Quantcast

More doctors facing charges over drug abuse

Sep 14, 2011, 7:16 a.m.

By Terry Baynes

NEW YORK (Reuters) - Michael Jackson's doctor, accused of killing the pop star with a powerful anesthetic, has joined a small but growing number of doctors facing criminal charges due to a U.S. government clampdown on the over-prescription of addictive drugs.

Fatal overdoses from prescription painkillers more than tripled to 13,800 in the United States in 1999 through 2006, according to the Centers for Disease Control and Prevention.

Consequently, more doctors are finding themselves in the sights of prosecutors as states like Florida and Georgia confront the growth in abuse of prescription drugs. The prosecution of doctors is seen as more effective than bringing cases against their patients.

There were just over two dozen reported criminal cases against doctors for malpractice in the two decades from 1981 to 2001, according to Westlaw research by James Filkins, a doctor and lawyer who has written about the criminal prosecution of physicians.

Replicating Filkins' research, Reuters tallied around 37 reported criminal cases in the decade from 2001 to 2011, with most recent cases against doctors for over-prescribing painkillers and other controlled substances.

U.S. Drug Enforcement Administration information suggests a similar trend. For 2003, the agency reported 15 physician arrests that resulted in convictions. By 2008, the most recent year with comprehensive data, the number had grown to 43.

CRIMINALIZING MALPRACTICE

Medical negligence cases are typically handled in civil court, with the victim or victim's family seeking money damages from the doctor.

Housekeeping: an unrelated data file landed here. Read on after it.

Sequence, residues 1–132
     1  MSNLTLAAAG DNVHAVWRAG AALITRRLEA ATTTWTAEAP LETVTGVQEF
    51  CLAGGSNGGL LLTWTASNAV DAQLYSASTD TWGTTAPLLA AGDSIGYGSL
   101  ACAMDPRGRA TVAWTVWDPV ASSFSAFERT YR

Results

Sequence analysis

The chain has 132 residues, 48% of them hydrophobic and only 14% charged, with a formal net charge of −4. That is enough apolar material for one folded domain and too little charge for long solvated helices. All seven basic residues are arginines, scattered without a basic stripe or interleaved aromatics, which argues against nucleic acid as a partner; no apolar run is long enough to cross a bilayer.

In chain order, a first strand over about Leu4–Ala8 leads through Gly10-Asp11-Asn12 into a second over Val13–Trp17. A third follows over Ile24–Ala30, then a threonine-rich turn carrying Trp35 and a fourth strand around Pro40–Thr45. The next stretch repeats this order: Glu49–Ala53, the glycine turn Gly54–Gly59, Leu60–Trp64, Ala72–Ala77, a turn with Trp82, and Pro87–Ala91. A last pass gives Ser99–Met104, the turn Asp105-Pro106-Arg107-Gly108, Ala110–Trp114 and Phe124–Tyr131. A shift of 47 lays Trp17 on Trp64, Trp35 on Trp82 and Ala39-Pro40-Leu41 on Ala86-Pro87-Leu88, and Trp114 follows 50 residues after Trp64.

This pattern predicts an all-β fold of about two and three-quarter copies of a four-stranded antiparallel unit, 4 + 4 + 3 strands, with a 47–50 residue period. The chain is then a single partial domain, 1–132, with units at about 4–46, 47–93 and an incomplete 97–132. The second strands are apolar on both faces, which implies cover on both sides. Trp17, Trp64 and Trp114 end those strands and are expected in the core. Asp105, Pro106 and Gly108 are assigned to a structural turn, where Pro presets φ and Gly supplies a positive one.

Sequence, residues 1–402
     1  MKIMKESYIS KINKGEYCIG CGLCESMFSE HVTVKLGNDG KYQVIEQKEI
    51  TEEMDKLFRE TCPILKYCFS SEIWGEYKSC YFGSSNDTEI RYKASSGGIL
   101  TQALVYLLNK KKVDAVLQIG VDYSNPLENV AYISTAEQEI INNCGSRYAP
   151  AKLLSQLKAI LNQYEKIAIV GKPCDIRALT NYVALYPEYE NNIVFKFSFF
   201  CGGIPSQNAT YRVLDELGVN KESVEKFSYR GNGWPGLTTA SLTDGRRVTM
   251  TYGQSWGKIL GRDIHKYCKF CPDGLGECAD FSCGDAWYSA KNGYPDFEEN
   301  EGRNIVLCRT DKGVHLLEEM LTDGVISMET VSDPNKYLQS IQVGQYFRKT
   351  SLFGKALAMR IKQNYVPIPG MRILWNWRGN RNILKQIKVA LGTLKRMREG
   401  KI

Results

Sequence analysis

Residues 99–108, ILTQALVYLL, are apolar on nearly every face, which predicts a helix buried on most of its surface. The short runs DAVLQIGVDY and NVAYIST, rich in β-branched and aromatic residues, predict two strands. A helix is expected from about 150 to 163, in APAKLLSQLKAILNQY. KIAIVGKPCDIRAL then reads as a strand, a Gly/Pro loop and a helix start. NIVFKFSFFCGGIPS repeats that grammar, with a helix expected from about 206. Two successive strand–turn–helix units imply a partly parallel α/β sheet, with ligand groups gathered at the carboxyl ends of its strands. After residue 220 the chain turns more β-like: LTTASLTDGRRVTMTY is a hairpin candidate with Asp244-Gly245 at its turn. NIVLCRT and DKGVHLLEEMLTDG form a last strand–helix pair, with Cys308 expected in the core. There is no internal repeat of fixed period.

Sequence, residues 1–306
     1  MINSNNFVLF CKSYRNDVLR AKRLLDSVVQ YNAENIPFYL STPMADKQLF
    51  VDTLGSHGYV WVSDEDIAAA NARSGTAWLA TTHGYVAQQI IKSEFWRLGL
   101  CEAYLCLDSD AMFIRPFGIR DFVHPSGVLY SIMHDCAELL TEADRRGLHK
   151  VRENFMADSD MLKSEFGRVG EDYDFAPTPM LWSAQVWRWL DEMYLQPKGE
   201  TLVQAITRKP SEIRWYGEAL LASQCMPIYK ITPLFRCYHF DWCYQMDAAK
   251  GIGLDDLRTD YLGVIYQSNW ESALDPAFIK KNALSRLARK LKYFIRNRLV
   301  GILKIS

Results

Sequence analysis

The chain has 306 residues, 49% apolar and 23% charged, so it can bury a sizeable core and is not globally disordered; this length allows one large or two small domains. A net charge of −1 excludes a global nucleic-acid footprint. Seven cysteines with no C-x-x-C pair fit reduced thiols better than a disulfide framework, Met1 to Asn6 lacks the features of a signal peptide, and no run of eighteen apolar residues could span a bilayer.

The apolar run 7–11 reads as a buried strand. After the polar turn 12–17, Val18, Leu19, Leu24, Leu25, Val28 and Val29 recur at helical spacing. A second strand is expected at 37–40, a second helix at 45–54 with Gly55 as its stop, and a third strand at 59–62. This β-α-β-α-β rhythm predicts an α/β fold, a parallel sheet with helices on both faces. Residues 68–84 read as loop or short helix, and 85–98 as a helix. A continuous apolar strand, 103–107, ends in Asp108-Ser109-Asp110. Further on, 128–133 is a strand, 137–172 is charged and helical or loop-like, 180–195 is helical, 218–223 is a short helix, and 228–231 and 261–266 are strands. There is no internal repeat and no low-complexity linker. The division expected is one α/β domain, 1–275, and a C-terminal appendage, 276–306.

In the case of Jackson's doctor, Conrad Murray, prosecutors allege his negligence was so extreme that he should be charged with involuntary manslaughter and punished with prison time.

While the number of criminal malpractice cases is not large, the American Medical Association has cautioned that the trend has interfered with the practice of medicine. Civil prosecutions for monetary damages were sufficient to hold doctors accountable, the organization said.

In 1995, the group adopted a resolution opposing the "attempted criminalization of health care decision-making especially as represented by the current trend toward the criminalization of malpractice."

The trend is, in part, due to an expansion in white-collar criminal law and drug control laws to include unintentional violations by doctors, said Diane Hoffmann, a law professor at the University of Maryland School of Law.

Many recent cases have been brought under the Controlled Substances Act, enacted in 1970, and similar state laws. To establish guilt under the act, the prosecution must prove the physician knowingly and intentionally prescribed the medication outside "the usual course of professional practice" or not for a "legitimate medical purpose."

SMITH AND JACKSON CASES DIFFER

Prosecutors faced this question in the much-publicized case against Anna Nicole Smith's physician, Sandeep Kapoor, on charges of violating the controlled substances law.

The case hinged on whether Kapoor believed in good faith there was a medical purpose for providing the celebrity with an array of prescription drugs that led to her overdose and death in 2007, according to his lawyer Ellyn Garofalo.

The jury acquitted Kapoor last year.

In the Michael Jackson case, California prosecutors are not charging Murray with violating a controlled substances law. Propofol, the anesthetic Murray is accused of giving to Jackson, is not a controlled substance.

Editor's Picks

Most Recent